All of a sudden, his father raises his hand and grabs Joseph and says, “Joseph, I’ve got something to tell you … Joseph you’re an especially odd boy.”
Joseph responds to his father, “You came back from the dead to tell me I’m odd?” … After a few words are exchanged, Joseph tells his father, “I have my dreams. I’ll work my own land someday.”
That said, Joseph’s father sermonizes, “Without land a man is nothing. Land is man’s very own soul.”
Land has been a driving factor as people moved westward across the country. The government offered land for free for a low price in an effort to encourage settlement to help protect its borders.
It worked. Streams of settlers poured across the country in their quest for land.
Since land was so valuable to a people that had little else, it was vital for the new settler to register his ownership of the land. Thus, land records are a great resource for tracing a settler’s westward migration.
For me, land records have been a key to breaking through many of my brick walls.
- I found evidence of land being distributed at a man’s death to his children. Deborah Twogood sold a parcel of land. In the record I learned that she and her siblings had received the land as an inheritance from their father, Thomas Halstead! With that record I found Deborah’s siblings AND their father (see Rensselaer County, New York, Deeds Book 47:462).
- I found record of what I believe is a women selling land to a man of the same surname, leading me to question if there is a relationship there between the two parties. Deborah Twogood sold the above mentioned land to William Twogood on 11 February 1834 for $250. In another deed William sold the parcel 11 February 1836 for $800 to Daniel Halstead (possibly Deborah’s brother or nephew). Both deeds begin on the same page and were recorded on the same date. (Rensselaer County, New York Deeds Book 47:462).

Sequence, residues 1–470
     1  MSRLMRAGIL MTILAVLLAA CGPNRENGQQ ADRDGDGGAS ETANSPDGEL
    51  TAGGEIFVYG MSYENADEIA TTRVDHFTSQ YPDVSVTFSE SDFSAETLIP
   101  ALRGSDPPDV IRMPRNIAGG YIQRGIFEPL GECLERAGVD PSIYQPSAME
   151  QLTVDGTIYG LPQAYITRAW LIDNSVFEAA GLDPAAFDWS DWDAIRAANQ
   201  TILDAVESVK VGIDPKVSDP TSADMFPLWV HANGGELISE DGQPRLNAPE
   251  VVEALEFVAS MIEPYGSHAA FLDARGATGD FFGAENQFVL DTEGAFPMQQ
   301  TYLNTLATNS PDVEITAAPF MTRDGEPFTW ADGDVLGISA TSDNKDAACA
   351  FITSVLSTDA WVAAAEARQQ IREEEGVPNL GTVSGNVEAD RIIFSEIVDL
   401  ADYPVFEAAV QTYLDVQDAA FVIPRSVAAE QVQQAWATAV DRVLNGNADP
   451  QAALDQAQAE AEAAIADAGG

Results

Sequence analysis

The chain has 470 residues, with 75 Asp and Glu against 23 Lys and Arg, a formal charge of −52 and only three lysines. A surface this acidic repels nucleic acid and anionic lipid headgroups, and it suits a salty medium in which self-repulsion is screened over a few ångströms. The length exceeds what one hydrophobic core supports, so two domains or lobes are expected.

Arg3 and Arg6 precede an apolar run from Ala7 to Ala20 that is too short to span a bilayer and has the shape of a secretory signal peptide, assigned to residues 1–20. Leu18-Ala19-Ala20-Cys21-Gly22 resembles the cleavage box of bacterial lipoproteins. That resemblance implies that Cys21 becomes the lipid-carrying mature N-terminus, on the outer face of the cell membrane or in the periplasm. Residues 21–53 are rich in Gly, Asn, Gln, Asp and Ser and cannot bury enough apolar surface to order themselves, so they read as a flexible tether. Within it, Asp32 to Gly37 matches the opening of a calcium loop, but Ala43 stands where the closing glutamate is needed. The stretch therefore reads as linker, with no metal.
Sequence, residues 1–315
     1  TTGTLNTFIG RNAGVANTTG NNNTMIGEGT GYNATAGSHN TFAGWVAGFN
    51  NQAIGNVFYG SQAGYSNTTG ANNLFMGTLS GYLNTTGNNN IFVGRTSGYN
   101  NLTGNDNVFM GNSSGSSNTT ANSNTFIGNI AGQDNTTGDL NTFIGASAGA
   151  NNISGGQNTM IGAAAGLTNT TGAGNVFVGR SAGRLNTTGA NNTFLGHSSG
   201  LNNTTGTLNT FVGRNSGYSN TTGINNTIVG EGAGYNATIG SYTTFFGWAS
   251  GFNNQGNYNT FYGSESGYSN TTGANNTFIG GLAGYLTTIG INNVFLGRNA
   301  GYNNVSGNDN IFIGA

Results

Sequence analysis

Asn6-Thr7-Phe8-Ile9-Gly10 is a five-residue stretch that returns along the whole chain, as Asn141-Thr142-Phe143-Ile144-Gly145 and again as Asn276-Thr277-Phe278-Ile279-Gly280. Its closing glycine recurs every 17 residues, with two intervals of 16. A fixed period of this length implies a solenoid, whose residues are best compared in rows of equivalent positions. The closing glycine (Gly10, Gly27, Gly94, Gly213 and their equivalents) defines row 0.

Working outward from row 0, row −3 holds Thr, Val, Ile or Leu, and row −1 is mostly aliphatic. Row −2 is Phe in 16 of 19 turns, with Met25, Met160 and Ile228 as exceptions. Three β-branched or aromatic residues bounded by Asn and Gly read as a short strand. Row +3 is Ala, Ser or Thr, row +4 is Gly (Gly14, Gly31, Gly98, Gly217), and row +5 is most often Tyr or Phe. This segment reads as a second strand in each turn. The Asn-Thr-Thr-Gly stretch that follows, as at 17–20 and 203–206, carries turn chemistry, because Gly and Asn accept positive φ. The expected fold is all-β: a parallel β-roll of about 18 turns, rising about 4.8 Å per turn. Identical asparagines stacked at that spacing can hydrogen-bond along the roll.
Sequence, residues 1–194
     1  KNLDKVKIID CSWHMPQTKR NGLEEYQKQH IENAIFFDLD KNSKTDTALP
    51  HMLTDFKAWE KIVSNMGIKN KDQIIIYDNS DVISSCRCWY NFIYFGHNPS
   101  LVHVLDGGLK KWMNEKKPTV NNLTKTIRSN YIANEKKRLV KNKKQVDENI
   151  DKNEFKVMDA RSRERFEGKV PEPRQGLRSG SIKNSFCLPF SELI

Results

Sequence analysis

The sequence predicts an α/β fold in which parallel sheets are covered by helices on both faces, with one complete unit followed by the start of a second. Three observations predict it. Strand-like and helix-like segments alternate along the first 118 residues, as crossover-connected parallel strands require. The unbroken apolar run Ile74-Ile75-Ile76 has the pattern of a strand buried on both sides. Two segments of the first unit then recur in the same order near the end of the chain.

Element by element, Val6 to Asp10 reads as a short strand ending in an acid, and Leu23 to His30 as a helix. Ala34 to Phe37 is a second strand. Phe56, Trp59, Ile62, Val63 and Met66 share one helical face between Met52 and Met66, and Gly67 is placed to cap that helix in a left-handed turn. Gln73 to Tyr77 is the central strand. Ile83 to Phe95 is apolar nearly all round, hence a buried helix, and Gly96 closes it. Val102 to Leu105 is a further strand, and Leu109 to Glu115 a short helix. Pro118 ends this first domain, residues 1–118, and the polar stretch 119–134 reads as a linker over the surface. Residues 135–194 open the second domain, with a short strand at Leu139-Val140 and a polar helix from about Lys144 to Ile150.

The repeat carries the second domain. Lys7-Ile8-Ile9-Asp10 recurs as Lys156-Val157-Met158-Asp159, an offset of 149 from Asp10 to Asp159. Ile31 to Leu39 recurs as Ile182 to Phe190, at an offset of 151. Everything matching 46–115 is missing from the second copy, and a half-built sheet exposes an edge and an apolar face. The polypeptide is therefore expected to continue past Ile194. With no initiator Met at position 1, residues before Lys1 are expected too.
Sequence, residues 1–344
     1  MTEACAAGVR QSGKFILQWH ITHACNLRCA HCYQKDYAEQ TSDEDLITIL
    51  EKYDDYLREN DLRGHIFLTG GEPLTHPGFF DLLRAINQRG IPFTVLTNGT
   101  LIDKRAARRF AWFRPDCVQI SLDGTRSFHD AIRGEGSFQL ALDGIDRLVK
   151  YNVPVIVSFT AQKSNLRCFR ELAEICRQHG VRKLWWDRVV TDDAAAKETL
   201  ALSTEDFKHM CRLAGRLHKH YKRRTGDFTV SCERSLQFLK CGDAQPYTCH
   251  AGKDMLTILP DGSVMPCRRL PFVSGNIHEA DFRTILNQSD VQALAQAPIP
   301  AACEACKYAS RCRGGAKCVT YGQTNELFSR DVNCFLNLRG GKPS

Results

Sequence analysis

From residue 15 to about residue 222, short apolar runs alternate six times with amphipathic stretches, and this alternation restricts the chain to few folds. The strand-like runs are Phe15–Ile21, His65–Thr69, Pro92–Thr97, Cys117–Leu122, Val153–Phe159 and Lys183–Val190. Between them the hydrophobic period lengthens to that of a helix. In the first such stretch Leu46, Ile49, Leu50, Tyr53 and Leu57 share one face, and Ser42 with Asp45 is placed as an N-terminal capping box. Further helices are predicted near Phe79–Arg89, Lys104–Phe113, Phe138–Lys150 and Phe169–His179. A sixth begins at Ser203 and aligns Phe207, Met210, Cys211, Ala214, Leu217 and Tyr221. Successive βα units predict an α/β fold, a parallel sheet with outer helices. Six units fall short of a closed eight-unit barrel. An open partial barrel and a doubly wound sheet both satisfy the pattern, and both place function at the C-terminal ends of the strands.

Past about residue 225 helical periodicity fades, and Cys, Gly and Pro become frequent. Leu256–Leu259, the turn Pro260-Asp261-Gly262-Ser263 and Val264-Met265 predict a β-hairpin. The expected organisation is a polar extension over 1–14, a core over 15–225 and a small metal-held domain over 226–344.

- I have found copies of wills in the deeds book. If perchance the will book or probate record had been destroyed, this may have been the only copy left of the will.
- I have found numerous instances where the buyer was “of” a different town than the land he was buying. This leads me to the other location to see if he resided there previously.
- I have found cases where the seller was “of” a different place than the land he was selling. From that clue I could determine where to search for him after he disappeared from the town where he was selling.
- I have found a deed where the wife’s name was recorded in the dower release. This is the only place her given name has been found.
In each case the land record was the key.
So why should you want to search land records?
- You may be able to link a person between two locations, the land he came from and the land to which he went.
- You may be able to pinpoint when a man arrived at an area and when he left it.
- You may find neighbors are unknown relatives and as you follow them, they will lead you to the answers you seek.
- You may find a land transferring at the death of the owner to his children .
- You may find a will recorded in the deed book.
- You may find a woman signing her dower release, giving you her first name or a date she was still alive.
It’s all about the land. Land is everything.
If you haven’t used land records, now’s the time to learn how. I’ll be spending many posts this month focusing on these records to help you find the family you seek. I hope you check in often!
Other Things You Might Want to Know About:
* Be sure to sign up for my email newsletter to be entered in the random drawing for a free book on August 11! You can read about it in this post: Free Giveaway Random Drawing.
* You might be interested in catching two webinars by Kathleen Bitter of Heritage Collector. You may sign up at the links here:
- Creating a Family Heirloom Cookbook on Thursday, August 11, at 7:00 PM (MST).
- Creating a Fun Way to Organize Your Home This Upcoming School Year on Thursday, August 25, at 7:00 PM (MST).
* Sharing Time will be releasing their Family History Center Version to FamilySearch in about a week and a half. FamilySearch will thereafter make Sharing Time available for free access at Family History Centers.